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by Niall Christie
AN MSP’s attempt to change the law around workplace deaths has been voted down in the Scottish Parliament.
On Thursday evening, MSPs voted against the general principles of the Culpable Homicide (Scotland) Bill, which had widespread trade union support, by 26 votes to 89.
Labour’s Claire Baker proposed a new offence of causing death by gross negligence, but the presiding officer and the Scottish government said that her Bill was unworkable as it fell outside the competence of Holyrood.
The Bill intended to allow greater accountability for companies responsible for workplace fatalities, with claims the issue may be considered again following the Holyrood election in May.
Ms Baker said: “Those who have lost loved ones and suffered years pursuing justice deserve to have their voices heard.
“There have been too many deaths in workplace accidents in Scotland over the past decade, and there is not sufficient deterrent – the current laws are inadequate to ensure prosecution.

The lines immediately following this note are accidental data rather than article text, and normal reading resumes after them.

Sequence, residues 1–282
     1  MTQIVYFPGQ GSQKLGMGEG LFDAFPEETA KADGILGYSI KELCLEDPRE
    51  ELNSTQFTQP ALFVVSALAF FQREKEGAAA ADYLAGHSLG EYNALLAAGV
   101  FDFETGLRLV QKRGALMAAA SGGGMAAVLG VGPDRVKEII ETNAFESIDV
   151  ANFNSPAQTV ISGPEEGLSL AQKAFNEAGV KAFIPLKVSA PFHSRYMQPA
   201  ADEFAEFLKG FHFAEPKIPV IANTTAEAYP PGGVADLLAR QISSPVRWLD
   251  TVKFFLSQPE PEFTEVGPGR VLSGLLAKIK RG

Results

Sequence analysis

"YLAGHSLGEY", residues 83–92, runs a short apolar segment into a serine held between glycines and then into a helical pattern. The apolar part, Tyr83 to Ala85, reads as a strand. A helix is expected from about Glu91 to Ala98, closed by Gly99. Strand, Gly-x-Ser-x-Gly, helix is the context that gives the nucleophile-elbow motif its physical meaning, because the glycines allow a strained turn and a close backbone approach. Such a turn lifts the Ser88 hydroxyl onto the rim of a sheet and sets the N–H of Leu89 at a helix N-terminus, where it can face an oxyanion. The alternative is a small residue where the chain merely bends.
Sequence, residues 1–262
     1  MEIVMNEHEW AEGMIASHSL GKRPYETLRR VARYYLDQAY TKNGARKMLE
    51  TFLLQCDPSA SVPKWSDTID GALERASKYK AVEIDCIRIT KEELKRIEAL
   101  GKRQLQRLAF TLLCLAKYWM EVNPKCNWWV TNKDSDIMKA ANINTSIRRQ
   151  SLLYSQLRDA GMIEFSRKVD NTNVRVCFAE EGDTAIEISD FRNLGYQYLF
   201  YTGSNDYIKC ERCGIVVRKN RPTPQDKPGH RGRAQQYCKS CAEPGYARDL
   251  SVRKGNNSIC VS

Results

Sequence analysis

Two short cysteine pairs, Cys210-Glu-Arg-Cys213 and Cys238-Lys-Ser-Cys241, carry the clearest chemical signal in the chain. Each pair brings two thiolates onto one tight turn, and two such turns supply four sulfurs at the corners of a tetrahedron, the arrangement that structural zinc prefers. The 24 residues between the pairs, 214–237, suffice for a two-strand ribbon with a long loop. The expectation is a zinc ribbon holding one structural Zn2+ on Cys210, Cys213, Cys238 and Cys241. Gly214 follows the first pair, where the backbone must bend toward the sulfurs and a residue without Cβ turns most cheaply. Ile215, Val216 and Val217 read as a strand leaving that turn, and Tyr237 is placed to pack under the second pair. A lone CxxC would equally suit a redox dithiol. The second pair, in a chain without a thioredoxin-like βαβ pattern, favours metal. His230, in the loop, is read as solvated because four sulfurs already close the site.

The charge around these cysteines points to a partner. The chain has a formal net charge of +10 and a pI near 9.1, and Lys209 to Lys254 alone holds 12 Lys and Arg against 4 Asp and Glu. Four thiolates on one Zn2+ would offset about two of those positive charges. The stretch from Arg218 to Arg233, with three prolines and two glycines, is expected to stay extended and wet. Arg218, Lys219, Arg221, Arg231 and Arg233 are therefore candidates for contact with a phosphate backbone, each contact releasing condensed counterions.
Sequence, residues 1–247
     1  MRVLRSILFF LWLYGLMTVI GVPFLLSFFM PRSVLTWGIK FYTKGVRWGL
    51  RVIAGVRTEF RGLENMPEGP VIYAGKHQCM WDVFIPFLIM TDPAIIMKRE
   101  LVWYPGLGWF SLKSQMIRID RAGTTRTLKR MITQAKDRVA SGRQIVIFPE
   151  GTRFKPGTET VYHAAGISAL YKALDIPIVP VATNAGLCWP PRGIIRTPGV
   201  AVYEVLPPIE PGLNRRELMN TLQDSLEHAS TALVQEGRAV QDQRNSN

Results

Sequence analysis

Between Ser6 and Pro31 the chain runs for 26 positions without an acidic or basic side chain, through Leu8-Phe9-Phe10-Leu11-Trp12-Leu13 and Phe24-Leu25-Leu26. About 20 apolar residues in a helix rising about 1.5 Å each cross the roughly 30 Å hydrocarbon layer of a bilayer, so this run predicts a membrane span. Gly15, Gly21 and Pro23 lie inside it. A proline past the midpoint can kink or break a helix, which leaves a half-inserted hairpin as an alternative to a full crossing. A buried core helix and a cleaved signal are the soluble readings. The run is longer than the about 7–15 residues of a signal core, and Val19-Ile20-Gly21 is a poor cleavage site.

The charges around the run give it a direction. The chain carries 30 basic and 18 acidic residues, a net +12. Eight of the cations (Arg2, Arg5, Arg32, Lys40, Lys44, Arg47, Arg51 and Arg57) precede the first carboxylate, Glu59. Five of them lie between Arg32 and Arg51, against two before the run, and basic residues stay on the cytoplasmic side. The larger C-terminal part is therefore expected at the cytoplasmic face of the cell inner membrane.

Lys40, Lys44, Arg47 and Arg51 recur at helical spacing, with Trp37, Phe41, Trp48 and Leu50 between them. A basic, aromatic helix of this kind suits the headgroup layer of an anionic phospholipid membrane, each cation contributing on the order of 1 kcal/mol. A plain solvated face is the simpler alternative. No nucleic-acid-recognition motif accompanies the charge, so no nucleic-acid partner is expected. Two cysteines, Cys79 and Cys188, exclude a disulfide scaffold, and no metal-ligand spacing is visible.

“If culpable homicide can be identified as the cause of the death in the workplace, it should not matter whether that is by the actions of an individual or by a small or large company – the treatment under the law should be equal.”
The Scottish Trades Union Congress (STUC) has given its support for the Bill, claiming: “It is unacceptable to have workers dying as a result of negligence or recklessness by employers, with little recompense for those left devastated by their loss. This must change.”
Justice Secretary Humza Yousaf said the Bill was well-intentioned but could lead to prosecutions being challenged in court.
Mr Yousaf said: “Passing bad legislation now could lead to convictions being overturned in future, and that’s not something to be taken lightly.”
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